Sunday, 28 December 2014

Final Fantasy VII Playthrough: Part 19 - Cloud returns, kinda

After a nerve-wracking few weeks that have seen Tifa and then Cid try their hand at leadership while Cloud suffered a mental breakdown, fell into the Lifestream and took a journey through his subconscious only to discover that he wasn't Cloud at all, things are finally back to normal.

"Normal", of course, being a race against time to save the planet from physical and existential destruction at the hands of Sephiroth, Meteor and Weapon.

Monday, 22 September 2014

The numbers game

I recently listed my top ten games on my tumblr blog following a nomination from Stella. Because my tumblr is mostly visual I added a set of ten images to accompany the list, and saw that most of the images had women in them.

I then realised that...

...four of the games (Tomb Raiders IV and II, Beyond Good and Evil and Portal) had canonical female protagonists...

...two of the games (Mass Effect 3 and Fallout 3) gave me the option to make the protagonist a woman...

...three of the games (Final Fantasy X, The Last of Us and Deadly Premonition), while featuring male protagonists, let me play as one or more women to some extent, with Final Fantasy X featuring three female members in the central party, one of whom is the most powerful and important character in the game, both in plot and gameplay terms.

Only Uncharted 3: Drake's Deception didn't let me play as a woman, but it has three very strong female characters including Katherine Marlowe, one of gaming's most subtly brilliant villains. Ok, so it might not pass the Bechdel test, but none of the women are objectified, they don't need need saving, and they all have agency.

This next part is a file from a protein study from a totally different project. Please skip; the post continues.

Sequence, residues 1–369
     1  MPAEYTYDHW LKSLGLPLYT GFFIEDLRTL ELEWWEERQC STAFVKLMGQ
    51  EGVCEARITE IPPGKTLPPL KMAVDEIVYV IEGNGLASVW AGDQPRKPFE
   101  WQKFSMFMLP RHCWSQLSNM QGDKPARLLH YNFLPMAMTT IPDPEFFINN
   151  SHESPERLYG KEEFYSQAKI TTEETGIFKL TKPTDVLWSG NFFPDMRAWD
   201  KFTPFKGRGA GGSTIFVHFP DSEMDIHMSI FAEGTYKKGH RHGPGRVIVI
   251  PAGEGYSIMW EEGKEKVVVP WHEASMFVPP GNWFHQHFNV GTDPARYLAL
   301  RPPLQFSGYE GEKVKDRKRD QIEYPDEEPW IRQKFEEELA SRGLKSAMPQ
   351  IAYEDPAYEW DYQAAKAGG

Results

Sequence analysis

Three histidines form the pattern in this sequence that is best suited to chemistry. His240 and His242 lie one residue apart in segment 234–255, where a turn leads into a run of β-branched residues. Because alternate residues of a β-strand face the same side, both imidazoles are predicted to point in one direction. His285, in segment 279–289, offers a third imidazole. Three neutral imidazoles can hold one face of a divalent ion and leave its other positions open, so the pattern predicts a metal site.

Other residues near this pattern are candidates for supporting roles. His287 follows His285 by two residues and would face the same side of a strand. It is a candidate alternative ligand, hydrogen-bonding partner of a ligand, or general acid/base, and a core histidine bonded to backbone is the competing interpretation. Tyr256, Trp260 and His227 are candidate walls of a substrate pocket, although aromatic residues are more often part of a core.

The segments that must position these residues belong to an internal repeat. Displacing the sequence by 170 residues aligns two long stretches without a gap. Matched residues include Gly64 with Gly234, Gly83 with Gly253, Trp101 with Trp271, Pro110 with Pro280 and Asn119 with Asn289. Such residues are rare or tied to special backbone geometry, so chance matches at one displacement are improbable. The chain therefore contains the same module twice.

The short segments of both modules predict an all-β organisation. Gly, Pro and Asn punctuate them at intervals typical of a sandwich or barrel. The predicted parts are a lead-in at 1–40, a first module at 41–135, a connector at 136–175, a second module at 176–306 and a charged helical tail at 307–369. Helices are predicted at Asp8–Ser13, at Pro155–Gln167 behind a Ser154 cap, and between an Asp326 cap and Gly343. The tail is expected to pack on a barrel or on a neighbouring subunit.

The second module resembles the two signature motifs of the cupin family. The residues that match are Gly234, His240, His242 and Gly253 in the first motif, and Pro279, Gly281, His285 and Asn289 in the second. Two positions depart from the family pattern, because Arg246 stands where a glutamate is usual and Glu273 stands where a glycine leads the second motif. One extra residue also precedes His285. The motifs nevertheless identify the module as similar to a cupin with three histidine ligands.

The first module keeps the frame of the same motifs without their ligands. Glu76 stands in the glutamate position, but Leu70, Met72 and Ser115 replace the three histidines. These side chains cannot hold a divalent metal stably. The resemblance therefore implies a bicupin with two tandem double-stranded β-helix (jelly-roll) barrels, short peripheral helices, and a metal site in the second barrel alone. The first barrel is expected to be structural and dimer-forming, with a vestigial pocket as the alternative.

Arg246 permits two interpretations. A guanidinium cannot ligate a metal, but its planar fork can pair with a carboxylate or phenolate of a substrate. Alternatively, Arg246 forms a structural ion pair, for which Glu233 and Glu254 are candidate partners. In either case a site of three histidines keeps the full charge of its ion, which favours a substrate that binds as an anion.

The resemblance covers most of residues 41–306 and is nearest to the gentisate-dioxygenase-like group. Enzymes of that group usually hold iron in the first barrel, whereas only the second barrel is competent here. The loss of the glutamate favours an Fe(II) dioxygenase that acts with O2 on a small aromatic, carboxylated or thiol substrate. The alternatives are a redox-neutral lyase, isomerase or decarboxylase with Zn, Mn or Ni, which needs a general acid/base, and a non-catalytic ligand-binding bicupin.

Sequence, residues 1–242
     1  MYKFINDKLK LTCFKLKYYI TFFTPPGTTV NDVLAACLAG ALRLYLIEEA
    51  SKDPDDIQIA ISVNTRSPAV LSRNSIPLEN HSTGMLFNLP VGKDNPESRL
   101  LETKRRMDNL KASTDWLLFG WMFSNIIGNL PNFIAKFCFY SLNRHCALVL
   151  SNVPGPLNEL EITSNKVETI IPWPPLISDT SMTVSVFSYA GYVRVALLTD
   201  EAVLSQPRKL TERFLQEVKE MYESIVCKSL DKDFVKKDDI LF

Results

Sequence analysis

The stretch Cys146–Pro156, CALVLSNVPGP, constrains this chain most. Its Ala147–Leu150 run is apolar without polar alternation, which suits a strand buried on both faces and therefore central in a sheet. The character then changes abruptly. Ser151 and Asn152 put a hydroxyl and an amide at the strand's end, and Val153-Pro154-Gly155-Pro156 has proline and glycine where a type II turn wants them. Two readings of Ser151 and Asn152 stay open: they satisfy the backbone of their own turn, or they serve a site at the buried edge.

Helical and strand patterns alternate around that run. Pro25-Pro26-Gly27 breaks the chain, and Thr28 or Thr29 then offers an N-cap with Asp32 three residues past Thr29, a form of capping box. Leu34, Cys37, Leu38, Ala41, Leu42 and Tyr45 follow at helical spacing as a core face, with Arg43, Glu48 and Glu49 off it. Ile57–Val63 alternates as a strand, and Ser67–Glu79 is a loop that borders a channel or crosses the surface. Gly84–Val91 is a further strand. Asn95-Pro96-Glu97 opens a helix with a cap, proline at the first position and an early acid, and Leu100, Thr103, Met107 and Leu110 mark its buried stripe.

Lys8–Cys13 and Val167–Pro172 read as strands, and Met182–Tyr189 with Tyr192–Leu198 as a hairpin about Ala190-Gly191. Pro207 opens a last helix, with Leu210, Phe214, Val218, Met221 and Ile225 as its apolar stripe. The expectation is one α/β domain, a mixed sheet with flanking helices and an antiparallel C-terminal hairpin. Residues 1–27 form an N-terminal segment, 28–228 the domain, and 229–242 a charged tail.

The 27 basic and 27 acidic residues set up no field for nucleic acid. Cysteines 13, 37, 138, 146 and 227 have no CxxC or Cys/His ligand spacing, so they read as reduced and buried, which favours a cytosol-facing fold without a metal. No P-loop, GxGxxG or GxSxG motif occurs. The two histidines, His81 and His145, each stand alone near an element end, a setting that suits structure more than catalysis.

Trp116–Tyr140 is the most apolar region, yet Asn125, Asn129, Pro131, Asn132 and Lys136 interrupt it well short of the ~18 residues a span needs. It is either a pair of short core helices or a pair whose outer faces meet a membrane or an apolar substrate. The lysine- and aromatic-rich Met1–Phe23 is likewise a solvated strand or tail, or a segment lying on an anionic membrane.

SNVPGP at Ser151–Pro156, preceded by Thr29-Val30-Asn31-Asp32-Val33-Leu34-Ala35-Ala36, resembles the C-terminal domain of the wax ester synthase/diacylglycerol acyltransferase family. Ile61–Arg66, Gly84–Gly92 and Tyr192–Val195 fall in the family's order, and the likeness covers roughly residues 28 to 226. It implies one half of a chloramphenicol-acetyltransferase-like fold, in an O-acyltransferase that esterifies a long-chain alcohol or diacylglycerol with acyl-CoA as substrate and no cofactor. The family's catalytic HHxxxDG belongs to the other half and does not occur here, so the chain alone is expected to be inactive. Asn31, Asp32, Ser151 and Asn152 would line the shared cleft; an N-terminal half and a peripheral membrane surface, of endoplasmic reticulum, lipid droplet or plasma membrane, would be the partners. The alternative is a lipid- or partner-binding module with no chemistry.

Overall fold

Games industry, do you have ANY idea how much money I have spent on video games in my life, and how much more I might continue to spend on games that interest me?


Tuesday, 16 September 2014

Final Fantasy VII Playthrough: Part 18 - Over to you, Cid

Cloud is lost in the Lifestream, a giant supernatural beast is on the loose, Aeris and Sephiroth are still dead and missing respectively and a meteor is about to collide with the planet. But the party have managed to steal an airship, so I think on balance, things are looking up for Team Tifa and her merry men.

Even so, it's hard to stay relentlessly positive when staring straight up at Meteor, which is heading towards us at terrifying speed (context: Final Fantasy VII predates both Armageddon and Deep Impact by a year).

Sunday, 3 August 2014

Final Fantasy VII Playthrough: Part 17 - Tifa takes control

Sephiroth has unleashed Weapon, SHINRA have captured my friends and I'm tripping out at the bottom of a crater. It looks like I'll be there for a while, so perspective shifts to Tifa.